Nissan Qashqai review: the hushed local hero Reviews 2021 | Top Gear
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Nissan Qashqai review: the hushed local hero

£ 31,290 when new
710
Published: 21 Sep 2021
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SPEC HIGHLIGHTS

  • BHP

    158bhp

  • 0-62

    9.5s

  • Max Speed

    128Mph

Well this looks sensible.

You’d be right. For it is the Nissan Qashqai, a car entering its third generation with big shoes to fill but a fanbase loyal enough to ensure it’ll have misstepped greatly if it fails to do so.

You might fairly assume it arrives with much electrification to back up both its techy redesign and Nissan’s ginormous investment in a battery plant next door to the same UK factory that produces the Qashqai. You’d be half right.

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Only half?

In the relatively near future we’ll get the Qashqai e-power, which will see electricity power the wheels and a dinky petrol generator aboard to extend the range, like early-doors BMW i3s.

But for now, the gen3 Qashqai launches with two engine choices, though they’re largely the same. Both see 1.3-litre 4cyl turbo petrol engines gain a weeny dose of electricity to make them mild hybrids. Ones you can’t plug into the mains and which won’t manage a single-mile of EV range. Instead, there’s a nose of extra power to help fill gaps in the turbocharger’s work while buffing the edges of fuel economy and CO2 figures.

What are the key numbers?

That 1.3-litre – familiar from higher-rung Dacias, mid-range Renaults and lower-rung Mercs – produces either 138 or 156bhp with its hybrid boost. The former is manual and front-wheel-drive only, the latter can be equipped with an auto and 4WD. Your quickest 0-62mph time is a smidge over nine seconds, your highest top speed 128mph… but we all know neither number really matters in a proudly plain family shuttle.

Of way more importance is the claimed 44mpg – which you’ll just about hit when the car’s fully loaded if you’re light-footed – and the fact that Nissan has managed to hush this engine in ways that its Alliance mates can only dream of. The Qashqai may not be an EV just yet, but below 3,500rpm it does a fair impression of one.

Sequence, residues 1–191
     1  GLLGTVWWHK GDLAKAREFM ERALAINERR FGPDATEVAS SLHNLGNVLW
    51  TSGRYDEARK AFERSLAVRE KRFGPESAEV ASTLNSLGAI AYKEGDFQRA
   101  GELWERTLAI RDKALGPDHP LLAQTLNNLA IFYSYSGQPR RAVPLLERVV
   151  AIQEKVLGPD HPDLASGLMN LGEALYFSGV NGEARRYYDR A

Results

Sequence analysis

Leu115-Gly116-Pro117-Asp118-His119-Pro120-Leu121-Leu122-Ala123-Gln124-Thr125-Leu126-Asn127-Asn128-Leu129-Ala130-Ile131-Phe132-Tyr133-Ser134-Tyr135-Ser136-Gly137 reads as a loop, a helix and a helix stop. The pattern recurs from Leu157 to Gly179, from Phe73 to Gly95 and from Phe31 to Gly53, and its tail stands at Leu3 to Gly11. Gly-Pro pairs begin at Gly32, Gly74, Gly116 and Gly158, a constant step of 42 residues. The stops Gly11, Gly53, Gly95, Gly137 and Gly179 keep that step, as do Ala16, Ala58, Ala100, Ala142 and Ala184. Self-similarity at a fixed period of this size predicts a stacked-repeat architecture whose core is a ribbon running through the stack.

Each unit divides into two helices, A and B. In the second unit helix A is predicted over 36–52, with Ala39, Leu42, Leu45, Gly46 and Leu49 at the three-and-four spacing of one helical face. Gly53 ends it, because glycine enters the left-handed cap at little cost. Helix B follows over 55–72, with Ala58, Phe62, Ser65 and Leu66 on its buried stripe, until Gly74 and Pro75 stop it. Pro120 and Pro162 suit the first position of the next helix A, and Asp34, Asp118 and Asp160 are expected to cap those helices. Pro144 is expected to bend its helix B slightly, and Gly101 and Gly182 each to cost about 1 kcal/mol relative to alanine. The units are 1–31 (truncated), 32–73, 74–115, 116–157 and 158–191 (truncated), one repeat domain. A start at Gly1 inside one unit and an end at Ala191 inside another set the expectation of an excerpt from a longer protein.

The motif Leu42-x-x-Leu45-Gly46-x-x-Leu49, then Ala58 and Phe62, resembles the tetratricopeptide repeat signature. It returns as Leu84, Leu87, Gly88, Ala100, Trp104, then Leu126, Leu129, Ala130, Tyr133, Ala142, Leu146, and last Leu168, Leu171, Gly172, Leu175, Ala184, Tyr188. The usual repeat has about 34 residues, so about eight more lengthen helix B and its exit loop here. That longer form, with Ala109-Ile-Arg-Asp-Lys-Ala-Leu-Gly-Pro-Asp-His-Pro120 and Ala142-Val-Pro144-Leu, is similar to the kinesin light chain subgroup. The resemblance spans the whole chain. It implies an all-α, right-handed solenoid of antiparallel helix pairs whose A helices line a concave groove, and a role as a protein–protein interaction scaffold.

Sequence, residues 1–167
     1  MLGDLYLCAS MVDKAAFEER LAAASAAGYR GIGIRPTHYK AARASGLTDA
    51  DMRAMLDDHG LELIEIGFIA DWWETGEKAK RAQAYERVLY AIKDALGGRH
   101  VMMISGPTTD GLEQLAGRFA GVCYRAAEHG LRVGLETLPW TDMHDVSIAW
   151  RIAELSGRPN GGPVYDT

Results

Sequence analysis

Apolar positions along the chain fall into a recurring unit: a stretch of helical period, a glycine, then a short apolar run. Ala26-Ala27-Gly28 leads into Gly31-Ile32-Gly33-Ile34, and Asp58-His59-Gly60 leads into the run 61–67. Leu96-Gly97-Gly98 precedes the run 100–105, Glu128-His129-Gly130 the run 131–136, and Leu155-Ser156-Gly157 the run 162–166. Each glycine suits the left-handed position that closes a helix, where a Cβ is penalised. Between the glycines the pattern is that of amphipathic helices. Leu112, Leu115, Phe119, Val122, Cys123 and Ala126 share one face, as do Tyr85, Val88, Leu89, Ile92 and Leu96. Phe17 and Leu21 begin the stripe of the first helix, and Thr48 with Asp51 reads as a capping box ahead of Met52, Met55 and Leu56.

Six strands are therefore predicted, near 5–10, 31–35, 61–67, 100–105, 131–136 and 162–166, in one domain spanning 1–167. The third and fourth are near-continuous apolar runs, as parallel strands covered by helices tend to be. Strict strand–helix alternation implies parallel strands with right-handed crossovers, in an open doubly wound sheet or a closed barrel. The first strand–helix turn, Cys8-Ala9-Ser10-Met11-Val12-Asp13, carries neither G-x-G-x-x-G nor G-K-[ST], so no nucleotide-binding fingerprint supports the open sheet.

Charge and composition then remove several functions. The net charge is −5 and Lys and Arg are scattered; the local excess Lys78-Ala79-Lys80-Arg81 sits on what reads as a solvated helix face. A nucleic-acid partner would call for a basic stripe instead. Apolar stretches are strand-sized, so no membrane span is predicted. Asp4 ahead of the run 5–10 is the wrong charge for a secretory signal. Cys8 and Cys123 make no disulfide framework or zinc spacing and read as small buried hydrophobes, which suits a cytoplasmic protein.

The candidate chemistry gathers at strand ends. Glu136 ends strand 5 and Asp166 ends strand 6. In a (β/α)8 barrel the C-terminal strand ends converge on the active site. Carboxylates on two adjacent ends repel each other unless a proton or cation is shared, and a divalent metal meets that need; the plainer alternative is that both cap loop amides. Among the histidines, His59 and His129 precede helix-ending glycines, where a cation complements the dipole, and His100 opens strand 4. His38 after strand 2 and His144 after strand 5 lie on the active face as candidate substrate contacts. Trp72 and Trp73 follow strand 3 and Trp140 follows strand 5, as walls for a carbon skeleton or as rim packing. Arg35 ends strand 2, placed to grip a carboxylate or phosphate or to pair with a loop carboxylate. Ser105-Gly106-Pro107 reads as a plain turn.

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So I won’t be chasing the redline here?

Maybe for a well-planned rural overtake, or a boisterous run down a motorway slip road. The power output of the headiest Qashqai looks good on paper, but when it’s got 1.4 tonnes to motivate briskly, it’s left asking. But this is simply never a car you’re inclined to drive in any way vigorously.

It’s a total softie, designed to lower your heart rate, not raise it. That doesn’t mean it’s short of grip or tenacity in corners, mind. It’s just the deliberate lightness of both steering and gearchange will ensure you never go chasing every last millimetre of your allotted tarmac.

I’m a car enthusiast. Why should I be interested?

There’s an ocean of crossovers on sale at the moment, and not a single one of them (at mainstream prices) has dazzled us with its star quality. Maybe the Ford Kuga is the neatest to drive, the Volkswagen Tiguan the most convincingly put together, the Hyundai Tucson the most interesting to look at… but they’re all marginally different flavours of ‘fine’.

And the Qashqai comes with not just one, but two USPs. For starters, it’s arguably the original; back in the mid-2000s, Nissan ditched the dull old Almera and forged a different path to woo families on modest budgets. The British designed, engineered and built Qashqai wore a curious name but quickly convinced millions of people to part with a few hundred quid a month.

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Sure, high-rise hatches had existed before the Qashqai. But never before had they been their maker’s only family-size offering in Europe. The short, ill-fated return of the Pulsar was perhaps Nissan just proving to us that it was right. By doing something very wrong.

What’s the second reason?

Perhaps you want to reduce your carbon footprint but can’t yet contemplate a family car that runs solely from a plug. Well, buy one that’s manufactured and developed locally. While propping up a decent portion of your homeland’s automotive industry.

Nissan Sunderland has made over 10 million cars since opening in 1986, and over a third of those are Qashqais. Around 30,000 British livelihoods are currently supported by its existence. It’s surely as British as mainstream cars currently get, despite wearing Japanese badges. If you’re the sort of person ditching online shopping to help support your nearby high street, you’re best popping to a Nissan dealer for one of these over the circa 5,000 small-SUV alternatives.

And I won’t be missing out?

Not on anything truly useful. This is far from the best driving car in its class, but that’s far from the most relevant thing to judge it on. This is a quiet, calming, easygoing mode of transport. You even get massaging seats if you tick the right boxes. The fact you’re keeping coins running through the Bovril vending machine at Nissan Sunderland (yes, really) can be the main reason you buy a Qashqai… or merely a satisfying little sidenote.

Photography: Jonny Fleetwood

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